Sexual abuse shaming of mining giants Rio Tinto and BHP: Landmark inquiry finds ‘horrifying and appalling’ treatment of women
Women working for some of the world’s biggest miners have been subjected to years of ‘horrifying’ sexual abuse, a landmark inquiry has found.
A bombshell report into Australia’s mining sector uncovered the ‘appalling’ treatment of women at companies including Rio Tinto and BHP, both listed on the stock market in London at the time.
Among the cases it highlights is a woman who testified to the inquiry that she was ‘knocked unconscious in her donga and awoke to find her jeans and underpants around her ankles’.
Outback: Women suffered abuse while working at companies including Rio Tinto and BHP in remote locations of Australia
There were also stories of sex dolls being put in front of women’s dongas – the name given to workers’ huts in mining camps – or hung on their doors.
And the report criticised Rio and BHP for ignoring or overlooking unlawful and criminal behaviour.
The industry has now been urged to set up a sexual offence register to prevent workers fired for harassing and assaulting female colleagues from finding jobs elsewhere.
The report followed a year-long investigation launched after a string of sexual assaults at Fly-In-Fly-Out camps in Western Australia – one of the world’s biggest mining hubs.
Entitled ‘Enough is Enough’, it provides excruciating details of the abuse female workers have been subjected to throughout the male-dominated industry for years – and a ‘culture of cover-up’.
As well as ‘horrifying’ cases of sexual assault, the inquiry said women had reported being subjected to ‘unsolicited and unwelcome attention’, stalking, texting of explicit and lewd material, provocative photo requests and ‘grooming’ of young female apprentices by older male colleagues.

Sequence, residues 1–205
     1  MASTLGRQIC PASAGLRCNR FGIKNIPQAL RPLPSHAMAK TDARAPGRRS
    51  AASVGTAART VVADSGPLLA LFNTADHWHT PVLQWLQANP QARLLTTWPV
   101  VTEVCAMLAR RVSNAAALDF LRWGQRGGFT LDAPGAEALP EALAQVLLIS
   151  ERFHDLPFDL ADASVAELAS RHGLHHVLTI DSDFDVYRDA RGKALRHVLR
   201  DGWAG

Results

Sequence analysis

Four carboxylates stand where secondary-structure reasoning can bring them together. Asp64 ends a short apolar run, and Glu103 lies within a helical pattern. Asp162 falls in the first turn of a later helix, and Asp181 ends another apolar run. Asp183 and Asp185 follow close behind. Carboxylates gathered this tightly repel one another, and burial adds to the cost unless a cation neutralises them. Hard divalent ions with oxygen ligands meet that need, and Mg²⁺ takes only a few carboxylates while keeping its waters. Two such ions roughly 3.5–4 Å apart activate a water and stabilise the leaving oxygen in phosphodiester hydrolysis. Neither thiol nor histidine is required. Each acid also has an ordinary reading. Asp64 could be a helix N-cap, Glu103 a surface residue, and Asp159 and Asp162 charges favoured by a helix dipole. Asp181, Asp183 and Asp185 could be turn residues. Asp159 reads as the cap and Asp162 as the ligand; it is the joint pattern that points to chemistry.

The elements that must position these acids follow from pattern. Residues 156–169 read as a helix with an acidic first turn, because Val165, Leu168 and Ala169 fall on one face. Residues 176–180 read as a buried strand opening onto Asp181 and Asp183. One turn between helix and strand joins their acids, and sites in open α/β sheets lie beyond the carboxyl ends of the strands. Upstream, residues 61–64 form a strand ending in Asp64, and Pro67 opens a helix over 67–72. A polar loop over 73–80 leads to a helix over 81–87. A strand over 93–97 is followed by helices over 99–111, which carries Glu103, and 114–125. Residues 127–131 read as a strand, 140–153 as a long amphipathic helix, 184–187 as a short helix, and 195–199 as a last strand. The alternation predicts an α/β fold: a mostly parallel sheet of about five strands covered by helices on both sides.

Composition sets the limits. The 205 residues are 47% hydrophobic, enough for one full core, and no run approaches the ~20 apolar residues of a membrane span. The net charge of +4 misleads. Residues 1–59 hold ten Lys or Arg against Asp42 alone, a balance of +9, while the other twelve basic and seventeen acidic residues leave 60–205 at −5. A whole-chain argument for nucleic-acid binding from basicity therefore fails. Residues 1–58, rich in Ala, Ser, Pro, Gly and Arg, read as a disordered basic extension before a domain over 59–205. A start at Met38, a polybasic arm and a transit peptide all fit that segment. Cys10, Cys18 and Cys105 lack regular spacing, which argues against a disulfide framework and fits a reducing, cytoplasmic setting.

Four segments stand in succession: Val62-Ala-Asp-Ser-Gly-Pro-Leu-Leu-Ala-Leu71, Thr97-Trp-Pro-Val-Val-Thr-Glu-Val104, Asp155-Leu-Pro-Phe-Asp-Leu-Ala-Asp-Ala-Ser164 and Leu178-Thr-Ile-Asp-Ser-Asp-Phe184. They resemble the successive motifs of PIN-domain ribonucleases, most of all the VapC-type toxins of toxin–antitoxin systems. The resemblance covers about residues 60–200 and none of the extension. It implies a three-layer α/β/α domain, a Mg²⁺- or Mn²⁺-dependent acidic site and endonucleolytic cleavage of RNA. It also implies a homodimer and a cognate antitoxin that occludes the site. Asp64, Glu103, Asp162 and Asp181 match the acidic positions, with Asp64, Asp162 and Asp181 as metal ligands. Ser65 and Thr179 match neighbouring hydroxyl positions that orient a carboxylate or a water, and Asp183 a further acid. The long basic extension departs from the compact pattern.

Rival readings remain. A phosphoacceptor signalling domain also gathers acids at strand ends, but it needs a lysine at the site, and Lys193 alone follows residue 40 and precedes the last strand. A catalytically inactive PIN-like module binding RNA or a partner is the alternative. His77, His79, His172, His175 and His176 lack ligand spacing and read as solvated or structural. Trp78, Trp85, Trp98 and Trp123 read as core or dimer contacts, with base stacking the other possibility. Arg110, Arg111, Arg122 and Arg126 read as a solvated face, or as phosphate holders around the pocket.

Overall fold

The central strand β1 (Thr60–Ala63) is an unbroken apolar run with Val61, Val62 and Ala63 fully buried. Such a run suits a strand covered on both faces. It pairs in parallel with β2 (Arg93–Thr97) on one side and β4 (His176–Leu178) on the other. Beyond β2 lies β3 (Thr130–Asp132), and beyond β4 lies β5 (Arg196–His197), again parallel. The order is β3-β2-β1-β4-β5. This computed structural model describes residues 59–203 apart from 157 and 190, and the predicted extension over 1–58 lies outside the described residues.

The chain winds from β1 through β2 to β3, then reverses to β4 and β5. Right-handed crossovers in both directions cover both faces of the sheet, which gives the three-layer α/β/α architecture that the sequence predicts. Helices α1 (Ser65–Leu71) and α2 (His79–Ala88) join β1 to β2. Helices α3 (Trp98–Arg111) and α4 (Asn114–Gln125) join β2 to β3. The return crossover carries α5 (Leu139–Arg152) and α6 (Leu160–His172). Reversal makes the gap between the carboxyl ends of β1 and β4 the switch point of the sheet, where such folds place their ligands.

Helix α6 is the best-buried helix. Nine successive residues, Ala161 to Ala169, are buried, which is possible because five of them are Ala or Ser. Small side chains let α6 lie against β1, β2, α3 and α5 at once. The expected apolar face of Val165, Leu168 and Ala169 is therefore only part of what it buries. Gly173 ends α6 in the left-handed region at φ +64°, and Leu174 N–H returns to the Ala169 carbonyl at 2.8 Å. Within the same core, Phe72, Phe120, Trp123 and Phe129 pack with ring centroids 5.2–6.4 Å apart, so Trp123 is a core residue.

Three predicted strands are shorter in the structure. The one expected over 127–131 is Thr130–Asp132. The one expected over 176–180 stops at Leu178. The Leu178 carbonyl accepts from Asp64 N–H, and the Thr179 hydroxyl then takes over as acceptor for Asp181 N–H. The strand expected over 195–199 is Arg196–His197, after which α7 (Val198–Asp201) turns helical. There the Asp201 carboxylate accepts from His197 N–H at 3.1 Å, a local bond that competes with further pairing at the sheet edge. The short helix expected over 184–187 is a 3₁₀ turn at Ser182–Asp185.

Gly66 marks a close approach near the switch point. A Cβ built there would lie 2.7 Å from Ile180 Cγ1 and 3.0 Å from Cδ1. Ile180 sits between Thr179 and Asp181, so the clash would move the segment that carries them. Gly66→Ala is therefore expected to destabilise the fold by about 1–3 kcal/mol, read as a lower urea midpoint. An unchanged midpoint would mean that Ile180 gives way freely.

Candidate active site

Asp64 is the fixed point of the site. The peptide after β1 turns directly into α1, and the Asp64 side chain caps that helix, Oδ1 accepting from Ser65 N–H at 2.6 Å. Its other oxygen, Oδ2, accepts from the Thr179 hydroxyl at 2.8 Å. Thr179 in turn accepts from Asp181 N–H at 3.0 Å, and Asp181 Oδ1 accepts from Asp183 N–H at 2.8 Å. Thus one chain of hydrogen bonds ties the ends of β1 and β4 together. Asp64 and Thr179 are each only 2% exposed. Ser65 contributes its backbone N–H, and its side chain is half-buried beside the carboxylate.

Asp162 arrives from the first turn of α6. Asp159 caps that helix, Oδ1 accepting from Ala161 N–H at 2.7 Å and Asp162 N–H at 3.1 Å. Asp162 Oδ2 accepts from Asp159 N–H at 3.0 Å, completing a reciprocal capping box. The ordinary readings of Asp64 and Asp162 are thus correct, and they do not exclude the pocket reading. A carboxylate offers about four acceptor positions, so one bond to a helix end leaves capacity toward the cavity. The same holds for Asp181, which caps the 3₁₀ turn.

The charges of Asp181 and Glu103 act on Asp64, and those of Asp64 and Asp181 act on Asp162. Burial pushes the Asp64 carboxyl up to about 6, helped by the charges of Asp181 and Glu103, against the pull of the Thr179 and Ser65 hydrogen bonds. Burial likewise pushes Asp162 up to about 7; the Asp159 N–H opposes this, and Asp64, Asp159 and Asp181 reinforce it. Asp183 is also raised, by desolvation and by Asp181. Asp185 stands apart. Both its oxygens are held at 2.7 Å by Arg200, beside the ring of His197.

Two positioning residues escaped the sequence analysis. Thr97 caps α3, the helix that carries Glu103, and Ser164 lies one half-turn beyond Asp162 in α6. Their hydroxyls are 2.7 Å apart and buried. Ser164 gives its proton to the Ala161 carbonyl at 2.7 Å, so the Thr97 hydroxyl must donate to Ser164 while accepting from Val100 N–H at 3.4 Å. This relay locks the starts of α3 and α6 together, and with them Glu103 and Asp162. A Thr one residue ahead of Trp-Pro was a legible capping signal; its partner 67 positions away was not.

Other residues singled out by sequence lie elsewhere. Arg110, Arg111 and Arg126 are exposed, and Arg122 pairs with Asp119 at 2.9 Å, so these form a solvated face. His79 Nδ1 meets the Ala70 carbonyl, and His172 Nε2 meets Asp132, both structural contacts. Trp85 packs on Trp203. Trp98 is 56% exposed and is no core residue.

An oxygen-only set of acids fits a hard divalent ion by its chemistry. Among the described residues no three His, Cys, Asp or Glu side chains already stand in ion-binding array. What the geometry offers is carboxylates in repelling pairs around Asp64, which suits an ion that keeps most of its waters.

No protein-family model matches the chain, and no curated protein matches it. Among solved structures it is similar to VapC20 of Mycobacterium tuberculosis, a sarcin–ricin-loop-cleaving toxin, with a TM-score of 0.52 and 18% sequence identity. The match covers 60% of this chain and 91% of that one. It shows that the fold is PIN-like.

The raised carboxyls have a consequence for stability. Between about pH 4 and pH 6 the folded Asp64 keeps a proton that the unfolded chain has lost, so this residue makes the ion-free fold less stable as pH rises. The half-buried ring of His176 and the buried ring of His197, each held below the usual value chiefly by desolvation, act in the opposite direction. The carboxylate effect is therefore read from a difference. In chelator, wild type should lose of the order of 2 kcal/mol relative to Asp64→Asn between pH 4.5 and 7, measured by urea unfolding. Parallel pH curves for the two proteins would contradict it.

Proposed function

One described a bizarre power-play behaviour known as ‘shovelling’, whereby iron ore would be dumped on the cabs of trucks operated by women if they did not comply with sexual requests.
Another reported driving a truck and almost causing a collision. She was told by the site supervisor that he could make the safety investigation ‘go away’ if she had sex with him.
Truck driver Astacia Stevens told the parliamentary inquiry that she wanted to move from working for a contractor for Rio to working directly for the company, and wearing the company logo on her shirt. But a male superior demanded she have sex with him if she wanted a job with Rio.
One woman described how a male colleague forced his hand down her top numerous times in front of other workers, but no one did anything.
Victim: Truck driver Astacia Stevens told the parliamentary inquiry
Inquiry chairman Libby Mettam, deputy leader of the Liberal party in Western Australia, paid tribute to the ‘brave women’ who had come forward, and said that while she had expected ‘horrific stories’ would emerge from the investigation, she was ‘shocked and appalled well beyond expectation by the size and depth of the problem’.
She said: ‘To hear the lived reality of the taunts, attacks and targeted violence, the devastation and despair the victims experienced, the threats to or loss of their livelihood that resulted was shattering and it’s completely inexcusable.’
The inquiry by Western Australia’s Community Development and Justice Standing Committee heard how the conditions in mining camps in the outback allowed ‘sexual harassment to thrive in the workplace’.
These conditions included a heavy boozing culture, with workers convening in the camp’s ‘wet mess’ to get drunk after a hard day’s work away from their families. One worker described a culture of ‘what happens at camp, stays at camp’.
The investigation ran for almost a year, receiving nearly 100 submissions and turning the spotlight on some of the biggest mining companies including Rio and BHP.
The inquiry heard BHP sacked 48 staff over inappropriate conduct over two years, while Rio fired at least 12 for sexual assault or harassment last year.
The parliamentary report made 24 recommendations, which included an ‘industry-wide workers’ register’, modelled on the system in place for those working with children.
What the victims said
‘I was knocked unconscious in my donga. When I awoke my jeans and underpants were around my ankles. I felt sick, ashamed, violated, dirty and very confused.’
‘I had a man force his hands down my top numerous times in front of other workers and no one did anything.’
‘Some mine sites promote a culture of “what happens at camp, stays at camp”. This, coupled with heavy drinking, is a recipe for harassment.’